TahoeGirl’s blog has a trip report and photos from her backcountry hike into the Desolation Wilderness this weekend. The Desolation Wilderness is located in the mountains to the southwest of Lake Tahoe, and it’s known for being dotted with lakes and gorgeous scenery. I went through a brief phase of being a backcountry hiker myself about a decade ago, and I went into Desolation a few times. But my one regret is that I never made it to Lake Aloha, which is the largest, and from all the pictures I’ve seen probably the most striking, of all the backcountry lakes in the area. TahoeGirl, of course, managed to make it there.
Lake Aloha sprawls over a rocky basin at an 8,000-foot elevation, seemingly at the top of the world. Lake Aloha is actually partially a man-made lake, dammed as part of the Sacramento reservoir system. This allows for wild fluctuations in the depth of the lake, as more water is stored in Aloha during the spring, and then slowly released as the year goes on. And since Aloha is pretty shallow to begin with, as the water level drops all these interesting islands and bays appear, creating the landscape that you can see in the picture above.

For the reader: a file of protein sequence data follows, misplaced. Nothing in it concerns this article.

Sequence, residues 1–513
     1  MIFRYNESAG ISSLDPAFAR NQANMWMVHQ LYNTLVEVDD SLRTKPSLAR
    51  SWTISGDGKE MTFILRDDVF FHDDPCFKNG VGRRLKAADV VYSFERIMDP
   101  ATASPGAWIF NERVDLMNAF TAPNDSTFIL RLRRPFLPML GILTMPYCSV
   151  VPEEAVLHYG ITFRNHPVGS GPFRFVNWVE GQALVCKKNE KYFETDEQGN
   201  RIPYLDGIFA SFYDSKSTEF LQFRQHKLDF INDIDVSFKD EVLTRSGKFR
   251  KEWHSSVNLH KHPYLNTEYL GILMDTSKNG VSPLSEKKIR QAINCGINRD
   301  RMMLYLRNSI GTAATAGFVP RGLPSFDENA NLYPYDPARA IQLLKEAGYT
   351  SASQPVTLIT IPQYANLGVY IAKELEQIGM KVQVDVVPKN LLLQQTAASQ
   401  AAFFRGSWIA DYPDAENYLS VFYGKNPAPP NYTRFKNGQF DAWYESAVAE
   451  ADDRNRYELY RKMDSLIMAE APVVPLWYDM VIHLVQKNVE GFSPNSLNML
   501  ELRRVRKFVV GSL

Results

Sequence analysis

Lake Aloha butts right up against the Pacific Crest Trail and Tahoe Rim Trail, so there are a few ways of getting there, depending on what kind of mood you’re in. The shortest path is to drive up to Echo Lake, off of Hwy 50 at Echo Summit, and hike in from there. But supposedly the most scenic route is to start at the far end of Fallen Leaf Lake and take the trail you find there. Or of course you could start at any of the numerous Tahoe Rim Trail trailheads around the lake, and given enough hiking, you’ll find yourself at Aloha sooner or later. There are a bunch of maps online and an excellent book that can tell you exactly how to get there if you’re interested. And if you go, take a picture for me!